Pritchardia napaliensis

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Pritchardia (pritch-AHR-dee-ah) napaliensis (nah-pahl-ee-EN-sis)
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Limahuli Gardens, in the Limahuli Valley Part of NTBG, Kauai, Hawaii. Photo by Kyle Wicomb
Scientific Classification
Genus: Pritchardia (pritch-AHR-dee-ah)
Species: napaliensis (nah-pahl-ee-EN-sis)
Synonyms
Pritchardia limahuliensis
Native Continent
America
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Morphology
Habit: Solitary
Leaf type: Costapalmate
Culture
Survivability index
Common names
Hawaiian; Hāwane, Loulu, Loulu hiwa, Noulu, Wāhane. Nā Pali pritchardia, Nāpali loulu, Nāpali pritchardia.

Habitat and Distribution

Hawaii. Moist to wet forests on steep slopes, Napali Coast, Kauai, 150-600 m elevation.
Limahuli Gardens, in the Limahuli Valley Part of NTBG, Kauai, Hawaii. Photo by Kyle Wicomb
This rare species is found from 490 to about 1970 feet in mesic to wet forest, on steep slopes along the Nāpali Coast from Hanakāpīʻai to Hoʻolulu valleys, Kauaʻi. Endemic to the island of Kaua'i, this member of the Palm family was discovered by botanists from the NTGB in Limahuli Valley, Kaua'i in 1976. Pritchardia napaliensis is endemic to Limahuli Valley. The species can be observed at Limahuli Gardens, NTBG in Kaua'i, Hawaii.

Description

To 10 m tall; proximal margins of petiole sparsely to moderately fibrous; leaf blade nearly flat, divided 1/2, abaxial surface incompletely covered with scattered lepidia,segment tips stiff or only slightly drooping in shade; inflorescences composed of 1-3 panicles, shorter than to equaling petioles in flower and fruit, panicles branched to 2 (or 3?) orders, rachillae glabrous; fruits 17-23 x 14-18 mm, ellipsoid. (iucn.org)

Pritchardia napaliensis is distinguished by its flat leaf blade incompletely covered abaxially with lepidia, inflorescences shorter than or equaling the petioles, and small fruits. Pritchardia napaliensis is similar in habit to P. minor and their ranges may overlap slightly but the latter differs in its ieaf blades completely covered abaxially with lepidia and the panicles permanently clothed with thick, pinkish brown, woolly indumentum. I am unable to find significant differences between Pritchardia napaliensis and P. limahuliensis after examining the types and liVing plants at the type localities of both species. Collections and cultivated plants from higher eievations in upper Limahuli Valley, which have been annotated or labeled as P. limahuliensis, have the abaxial leaf blade surface completely covered with lepidia and are best referred to P. perlmanii. (iucn.org)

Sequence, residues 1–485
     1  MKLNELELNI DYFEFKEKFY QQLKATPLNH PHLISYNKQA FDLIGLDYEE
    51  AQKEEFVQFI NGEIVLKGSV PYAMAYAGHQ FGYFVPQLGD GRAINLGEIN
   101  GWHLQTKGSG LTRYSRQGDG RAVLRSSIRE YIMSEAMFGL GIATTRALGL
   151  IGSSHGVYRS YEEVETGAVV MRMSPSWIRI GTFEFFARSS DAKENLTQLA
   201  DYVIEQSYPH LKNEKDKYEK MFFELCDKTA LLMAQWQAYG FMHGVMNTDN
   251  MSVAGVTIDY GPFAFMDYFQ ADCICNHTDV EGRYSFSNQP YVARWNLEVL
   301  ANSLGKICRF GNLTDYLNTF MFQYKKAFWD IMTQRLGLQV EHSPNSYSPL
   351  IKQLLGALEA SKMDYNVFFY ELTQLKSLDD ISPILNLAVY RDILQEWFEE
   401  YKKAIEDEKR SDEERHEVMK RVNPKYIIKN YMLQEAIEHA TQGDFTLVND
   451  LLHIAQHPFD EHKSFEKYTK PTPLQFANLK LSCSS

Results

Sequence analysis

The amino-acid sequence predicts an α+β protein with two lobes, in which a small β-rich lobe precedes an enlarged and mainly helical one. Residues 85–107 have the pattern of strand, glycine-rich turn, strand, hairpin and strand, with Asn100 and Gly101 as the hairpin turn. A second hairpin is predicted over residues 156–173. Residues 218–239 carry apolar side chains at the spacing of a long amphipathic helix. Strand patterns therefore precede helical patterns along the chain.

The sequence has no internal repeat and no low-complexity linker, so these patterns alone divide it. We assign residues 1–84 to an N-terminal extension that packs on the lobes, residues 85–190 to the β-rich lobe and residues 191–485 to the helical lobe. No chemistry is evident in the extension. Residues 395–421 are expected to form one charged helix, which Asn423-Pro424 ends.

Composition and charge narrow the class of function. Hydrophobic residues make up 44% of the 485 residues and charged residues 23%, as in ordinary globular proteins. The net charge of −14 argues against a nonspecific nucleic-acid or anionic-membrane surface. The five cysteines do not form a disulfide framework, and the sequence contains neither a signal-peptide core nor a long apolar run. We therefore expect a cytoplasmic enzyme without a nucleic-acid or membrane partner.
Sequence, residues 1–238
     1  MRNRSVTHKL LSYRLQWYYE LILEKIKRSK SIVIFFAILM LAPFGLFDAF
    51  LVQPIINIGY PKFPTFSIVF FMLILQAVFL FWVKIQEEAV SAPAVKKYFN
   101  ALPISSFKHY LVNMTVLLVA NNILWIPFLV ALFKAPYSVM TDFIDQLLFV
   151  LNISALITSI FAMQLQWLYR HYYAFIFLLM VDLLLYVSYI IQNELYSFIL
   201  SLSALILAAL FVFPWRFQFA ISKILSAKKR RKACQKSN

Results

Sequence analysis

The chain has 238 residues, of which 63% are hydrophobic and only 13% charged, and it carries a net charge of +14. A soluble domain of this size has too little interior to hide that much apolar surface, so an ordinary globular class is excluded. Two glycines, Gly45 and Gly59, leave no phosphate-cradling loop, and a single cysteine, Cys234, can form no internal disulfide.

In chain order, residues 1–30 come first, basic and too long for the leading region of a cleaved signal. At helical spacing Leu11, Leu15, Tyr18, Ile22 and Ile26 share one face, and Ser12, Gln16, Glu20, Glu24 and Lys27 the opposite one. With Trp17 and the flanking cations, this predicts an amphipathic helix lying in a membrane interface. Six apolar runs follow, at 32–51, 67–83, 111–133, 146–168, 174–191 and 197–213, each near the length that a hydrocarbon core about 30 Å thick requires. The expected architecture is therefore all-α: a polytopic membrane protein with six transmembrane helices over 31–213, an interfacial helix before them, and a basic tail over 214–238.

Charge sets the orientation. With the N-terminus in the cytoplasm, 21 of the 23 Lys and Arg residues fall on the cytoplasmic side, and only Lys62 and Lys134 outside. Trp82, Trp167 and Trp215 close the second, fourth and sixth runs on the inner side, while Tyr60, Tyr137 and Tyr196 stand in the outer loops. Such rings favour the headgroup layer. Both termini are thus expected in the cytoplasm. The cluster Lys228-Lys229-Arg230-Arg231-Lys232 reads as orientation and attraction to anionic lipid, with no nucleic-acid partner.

Culture

Apply a complete palm fertilizer with minor elements as directed on label. Be certain that sufficient magnesium and potassium is present in the fertilizer component. This is especially critical for loulu's in pots. Magnesium and potassium deficiencies are two of the most serious nutritional disorders in palms. The deficiencies are characterized by bright yellowing (chlorotic) on leaf edges or streaking or the entire fronds yellowing. This can be difficult to reverse. Applications of Epsom salt, or magnesium sulfate (MgSO4), is good but does not last and is usually washed out of the soil in rainy periods. There are some very good slow release fertilizer spikes made for especially for palms on the market which contain a good balance of minor elements with magnesium and potassium. Potted or younger loulu planted in the ground appreciate a foliar feeding of kelp or fish emulsion and Epsom salt monthly or bi-monthly. (Encyclopedia of Life curator Dr. David Eickhoff)

Comments and Curiosities

Etymology: The generic name is named for William Thomas Pritchard (1829-1907), 19th century British counsul in Fiji, adventurer, and author of Polynesian Reminiscences in 1866. The specific epithet napaliensis is named after the Nā Pali Coast, Kauaʻi. (Encyclopedia of Life curator Dr. David Eickhoff)

Phenology: Flower; Bright Yellow, The yellow flowers are showy en masse. The black fruits are small (7/8 inch long and 3/4 inch). (Bill Chang)

Conservation: Critically Endangered, Found along the Napali coast. Fewer than 90 individuals are left in the wild. Regeneration is limited, mainly as a result of seed predation by rats and goats. (IUCN Red List.)

Uses: Fronds used by natives for thatching roofs, the wood was used for bowls and spears.


External Links

References

Phonetic spelling of Latin names by edric.

Special thanks to Geoff Stein, (Palmbob) for his hundreds of photos.

Special thanks to Palmweb.org, Dr. John Dransfield, Dr. Bill Baker & team, for their volumes of information and photos.

Glossary of Palm Terms; Based on the glossary in Dransfield, J., N.W. Uhl, C.B. Asmussen-Lange, W.J. Baker, M.M. Harley & C.E. Lewis. 2008. Genera Palmarum - Evolution and Classification of the Palms. Royal Botanic Gardens, Kew. All images copyright of the artists and photographers (see images for credits).

Hodel, D. 2007.


Many Special Thanks to Ed Vaile for his long hours of tireless editing and numerous contributions.

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